I think it bothers me because I wish we were further than that, as a society. Obviously, even though we went through the 60s, and diversity and multiculturalism are big buzz words, we've got a long way to go. And so, it is a good thing for influential people in the field to be making it a point to read books by writers of color.

The challenge is evidence, I suppose, that all the influential people who pushed this literature in the 60s and 70s and 80s and 90s were largely unsuccessful.

So! I appreciate the effort and I understand the intent.

But! One aspect of the POC Challenge that I really don't like is that prizes are now being added. There are levels in the challenge regarding how many books any given participant will read in a specific time period. All in good fun, I know, but by adding prizes, it replicates incentive programs for kids that many of us find problematic.

And, it smacks, somehow that I can't quite put into words. You get prizes for hanging with us people of color (via our books). It turns a serious issue into a game.

Now, I know that this post will get some hackles up. You're only trying to help. I know. I get it. But I hope you'll think about what I'm saying. Mull it over.

I took a look at the list of books being generated.  I'm glad to see Louise Erdrich on the list, but where are her children's books? The books on the list are books she wrote for adult readers. Sherman Alexie isn't on the list. Neither is Joseph Bruchac. Lot of Native writers could be added to that list.

And! Some people should be taken off that list. The one I'm thinking of is Dee Brown, author of Bury My Heart at Wounded Knee. He is not a Native writer.

This may come off as self-serving, but I'll toss it out there anyway.

When I look at the blog rolls of major bloggers, they list blogs they read. Do their blog rolls list critics of color?  I'm uncomfortable asking the question because it can come off as defensive, but, where's my blog in those lists? On some of those blogs, things I write are taken up as conversation, and that's a good thing, but why not include a link to my blog in the blog roll?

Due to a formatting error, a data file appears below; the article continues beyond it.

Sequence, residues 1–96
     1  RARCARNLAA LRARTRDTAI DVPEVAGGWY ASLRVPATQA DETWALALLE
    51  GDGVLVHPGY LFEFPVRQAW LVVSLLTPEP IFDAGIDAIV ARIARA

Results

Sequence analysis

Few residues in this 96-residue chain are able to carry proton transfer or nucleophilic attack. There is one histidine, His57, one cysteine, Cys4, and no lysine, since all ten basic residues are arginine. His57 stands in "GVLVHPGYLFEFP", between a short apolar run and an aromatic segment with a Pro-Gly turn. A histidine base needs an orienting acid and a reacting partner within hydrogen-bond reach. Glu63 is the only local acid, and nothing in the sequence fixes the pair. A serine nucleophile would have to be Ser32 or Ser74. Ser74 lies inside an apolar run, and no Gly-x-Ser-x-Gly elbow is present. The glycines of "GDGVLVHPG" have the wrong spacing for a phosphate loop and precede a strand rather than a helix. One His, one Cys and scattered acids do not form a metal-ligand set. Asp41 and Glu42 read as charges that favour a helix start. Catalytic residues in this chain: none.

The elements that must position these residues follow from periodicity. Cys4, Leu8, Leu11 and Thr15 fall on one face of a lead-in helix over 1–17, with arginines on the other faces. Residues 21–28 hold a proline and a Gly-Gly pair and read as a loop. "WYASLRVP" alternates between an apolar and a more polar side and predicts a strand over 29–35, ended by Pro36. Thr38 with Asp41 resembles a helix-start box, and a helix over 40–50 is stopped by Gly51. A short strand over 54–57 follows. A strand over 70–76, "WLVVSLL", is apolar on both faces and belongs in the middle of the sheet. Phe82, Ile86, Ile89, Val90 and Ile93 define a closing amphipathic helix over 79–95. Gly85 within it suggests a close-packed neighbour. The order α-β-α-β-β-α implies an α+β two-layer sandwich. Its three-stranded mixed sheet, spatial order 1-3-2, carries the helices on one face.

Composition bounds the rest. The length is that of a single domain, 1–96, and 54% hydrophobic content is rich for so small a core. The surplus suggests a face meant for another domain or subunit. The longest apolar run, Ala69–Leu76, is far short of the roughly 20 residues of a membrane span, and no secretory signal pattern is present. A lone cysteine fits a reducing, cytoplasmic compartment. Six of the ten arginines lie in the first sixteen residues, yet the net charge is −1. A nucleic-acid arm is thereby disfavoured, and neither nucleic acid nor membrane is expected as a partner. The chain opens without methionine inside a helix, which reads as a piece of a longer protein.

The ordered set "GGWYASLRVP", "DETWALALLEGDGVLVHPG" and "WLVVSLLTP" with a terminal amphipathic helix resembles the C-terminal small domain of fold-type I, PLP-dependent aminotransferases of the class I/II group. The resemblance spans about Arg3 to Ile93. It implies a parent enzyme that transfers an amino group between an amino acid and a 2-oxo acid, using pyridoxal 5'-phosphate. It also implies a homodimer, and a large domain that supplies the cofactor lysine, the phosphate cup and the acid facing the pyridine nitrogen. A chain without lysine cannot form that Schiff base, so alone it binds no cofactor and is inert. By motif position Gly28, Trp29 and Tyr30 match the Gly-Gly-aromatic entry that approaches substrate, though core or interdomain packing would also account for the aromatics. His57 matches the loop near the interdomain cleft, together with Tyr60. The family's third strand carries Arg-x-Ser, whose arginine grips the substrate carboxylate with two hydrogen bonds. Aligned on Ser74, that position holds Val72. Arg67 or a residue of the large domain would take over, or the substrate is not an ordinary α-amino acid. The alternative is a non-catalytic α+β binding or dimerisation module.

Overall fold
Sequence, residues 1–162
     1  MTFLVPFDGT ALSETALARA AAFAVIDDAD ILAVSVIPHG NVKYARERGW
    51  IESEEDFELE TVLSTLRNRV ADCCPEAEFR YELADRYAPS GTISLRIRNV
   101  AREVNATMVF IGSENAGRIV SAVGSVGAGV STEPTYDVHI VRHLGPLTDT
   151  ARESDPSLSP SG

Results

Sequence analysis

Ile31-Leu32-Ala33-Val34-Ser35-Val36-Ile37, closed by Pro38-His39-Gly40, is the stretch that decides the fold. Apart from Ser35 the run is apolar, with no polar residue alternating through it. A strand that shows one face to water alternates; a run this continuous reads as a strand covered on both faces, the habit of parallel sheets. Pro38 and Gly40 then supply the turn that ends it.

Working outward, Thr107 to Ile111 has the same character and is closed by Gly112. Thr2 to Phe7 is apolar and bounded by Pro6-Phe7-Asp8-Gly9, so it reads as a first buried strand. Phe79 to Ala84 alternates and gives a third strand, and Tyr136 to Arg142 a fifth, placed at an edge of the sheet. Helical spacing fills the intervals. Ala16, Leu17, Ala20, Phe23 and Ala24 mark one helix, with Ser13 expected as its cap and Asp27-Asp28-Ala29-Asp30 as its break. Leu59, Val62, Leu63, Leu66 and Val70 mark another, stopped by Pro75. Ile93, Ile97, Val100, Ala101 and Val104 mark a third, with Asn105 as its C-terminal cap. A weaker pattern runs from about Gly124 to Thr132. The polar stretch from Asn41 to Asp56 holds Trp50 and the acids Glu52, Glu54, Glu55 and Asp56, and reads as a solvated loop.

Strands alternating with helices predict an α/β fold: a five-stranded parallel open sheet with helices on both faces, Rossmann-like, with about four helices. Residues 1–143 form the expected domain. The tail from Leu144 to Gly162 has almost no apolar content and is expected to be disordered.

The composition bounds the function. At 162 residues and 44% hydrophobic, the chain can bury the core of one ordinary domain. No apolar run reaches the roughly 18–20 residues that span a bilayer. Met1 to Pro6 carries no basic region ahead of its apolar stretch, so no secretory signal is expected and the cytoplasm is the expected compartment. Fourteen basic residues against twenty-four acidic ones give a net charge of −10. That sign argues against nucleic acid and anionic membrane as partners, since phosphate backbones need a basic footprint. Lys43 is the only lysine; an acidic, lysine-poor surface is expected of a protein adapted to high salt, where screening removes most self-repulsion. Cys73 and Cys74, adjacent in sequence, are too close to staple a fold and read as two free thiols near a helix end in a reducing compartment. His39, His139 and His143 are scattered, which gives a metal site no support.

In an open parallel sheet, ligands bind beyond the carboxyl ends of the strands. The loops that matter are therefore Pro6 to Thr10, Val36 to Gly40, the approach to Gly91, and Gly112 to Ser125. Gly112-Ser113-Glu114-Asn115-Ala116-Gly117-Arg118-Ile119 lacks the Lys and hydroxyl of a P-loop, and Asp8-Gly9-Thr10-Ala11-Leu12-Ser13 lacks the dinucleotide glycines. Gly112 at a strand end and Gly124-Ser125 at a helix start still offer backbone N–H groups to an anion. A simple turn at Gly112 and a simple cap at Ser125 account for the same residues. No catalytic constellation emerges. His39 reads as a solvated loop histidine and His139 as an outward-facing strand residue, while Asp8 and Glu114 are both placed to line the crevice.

That, I suppose, is my challenge to the people taking the POC Challenge. Read criticism by people of color.

I followed up with "Second Post: The POC Challenge"

Monday, January 25, 2010

A conversation about book covers and race

Of late in the children's lit world---especially in blogland---there's been a lot of discussion about book covers.

The discussion is centered on this question: "Do books sell better if the character on the cover is white?" Mitali Perkins is asking librarians and booksellers to vote on the question. Head over to Brown Faces Don't Sell Books? to vote if you're a librarian or bookseller.

I wonder how readers or buyers respond to one of my favorite book covers (and books)? I'm thinking of the cover for Rain is Not My Indian Name, shown here.

It is a terrific cover. In it, I see a lot that others might not see. American Indians have been photographed so much, with and WITHOUT our permission. Many of us have signs on our reservations now, telling visitors that they may not take photographs.  It is astounding that people will read the signs and STILL take the pictures.

 Mitali's question and the discussion remind me of an episode of This American Life. In that episode, a clerk at FAO Schwartz talked about working in the "adoption" area of the store, where shoppers could adopt a baby doll. That area was set up just like a nursery. (I thought it was kind of creepy.) What was very troubling about it, was that the first dolls to sell out were the white ones. And then the Latino and Asian dolls. But the African American dolls? No takers. You can listen to the episode here. If you missed that episode, listen to it.